The Book

In Confessions of an Unorthodox Priest, Fr. Jeremiah invites us to follow his path through years of seeking a means to integrate two dynamic careers, one in medicine and the other in spirituality.

Confessions of an Unorthodox Priest

In his quest to find “the only way to live life in the Resurrected Christ,” Fr. Jeremiah invokes and examines a train of thought that transcends ego to reach a higher state of evolving consciousness. The death of a patient prompts him to speculate on the absurdity of a physical location of consciousness, which then leads to a profound revelation about soul.

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“This is a brave and honest book. It is also the book of a devout Christian who perceives Jesus not as the sacrificial lamb of humanity steeped in original sin, but as the universal Consciousness that brings us to universal Love. From the rich perspective of a life committed to ‘the healing of the body and spiritual enlightenment of the soul,’ Fr. Jeremiah Loch explores the interface of science and spirituality and challenges institutional Christianity to embrace its mystic heart.” —Jennifer Kavanagh, author of Heart of OnenessA Little Book of UnknowingThe World is Our Cloister, etc.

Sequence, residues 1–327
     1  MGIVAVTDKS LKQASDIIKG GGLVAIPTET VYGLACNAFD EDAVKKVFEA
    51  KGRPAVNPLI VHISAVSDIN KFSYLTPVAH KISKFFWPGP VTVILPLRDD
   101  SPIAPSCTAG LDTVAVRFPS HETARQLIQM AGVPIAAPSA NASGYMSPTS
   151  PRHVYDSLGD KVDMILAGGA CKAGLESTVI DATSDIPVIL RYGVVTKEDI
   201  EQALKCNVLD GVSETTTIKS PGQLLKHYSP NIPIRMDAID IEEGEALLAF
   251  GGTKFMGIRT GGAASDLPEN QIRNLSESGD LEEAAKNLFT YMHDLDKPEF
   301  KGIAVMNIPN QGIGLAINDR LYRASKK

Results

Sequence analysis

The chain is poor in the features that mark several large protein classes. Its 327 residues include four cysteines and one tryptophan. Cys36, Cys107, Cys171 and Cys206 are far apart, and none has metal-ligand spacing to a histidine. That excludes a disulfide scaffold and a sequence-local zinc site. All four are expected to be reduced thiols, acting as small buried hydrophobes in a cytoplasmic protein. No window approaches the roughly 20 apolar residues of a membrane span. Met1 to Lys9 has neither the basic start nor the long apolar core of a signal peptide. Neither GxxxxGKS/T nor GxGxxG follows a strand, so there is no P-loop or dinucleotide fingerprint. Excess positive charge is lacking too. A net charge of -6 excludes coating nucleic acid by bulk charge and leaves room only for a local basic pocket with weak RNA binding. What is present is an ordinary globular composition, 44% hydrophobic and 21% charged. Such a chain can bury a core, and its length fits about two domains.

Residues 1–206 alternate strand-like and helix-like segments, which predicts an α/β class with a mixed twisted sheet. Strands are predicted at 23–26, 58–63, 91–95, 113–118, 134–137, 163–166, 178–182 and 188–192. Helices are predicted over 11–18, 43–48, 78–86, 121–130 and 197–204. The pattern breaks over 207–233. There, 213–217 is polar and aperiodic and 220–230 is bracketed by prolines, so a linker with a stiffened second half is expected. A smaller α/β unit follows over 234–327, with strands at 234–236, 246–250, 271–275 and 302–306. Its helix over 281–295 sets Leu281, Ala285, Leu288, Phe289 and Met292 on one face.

PRIESTS AND MEDICAL PROFESSIONALS ARE SUPPOSED TO ANSWER QUESTIONS—BUT THE VERY REV. FR. JEREMIAH LOCH JUST KEEPS ON ASKING.

Confessions of an Unorthodox Priest is gently and kindly aimed at those who have fallen away—those who have begun to find the doctrines of today’s Christianity increasingly meaningless, boring, or unbelievable—those who are about to cut and run. For Christians on the edge, Fr. Jeremiah proposes the alternative solution of casting aside ego and viewing the “tribal” teachings and institutions of traditional worship through the lens of higher human consciousness. He urges seekers to embrace and integrate concepts of mysticism into their own personal Christianity. At this juncture of his path, Fr. Jeremiah pauses before a virtual road sign left behind by the distinguished twentieth-century Jesuit theologian and philosopher Fr. Karl Rahner: “The Christian of the future will be a mystic or he will not exist at all.

Very Rev. Fr. Jeremiah Loch was ordained to the priesthood in 1994. For fifty years in a parallel career, he has also practiced the specialty of anesthesiology, devoting the most recent twenty years to pain medicine, including the management of cancer pain. A graduate of the Osteopathic College of Ontario, he has integrated classical osteopathic philosophy with conventional medicine, ancient Vedic perspectives, and Christian theology and spirituality in his understandings and teachings regarding human pain and suffering. A national lecturer and educator, he has served as an adjunct university professor in two university pain management programs.


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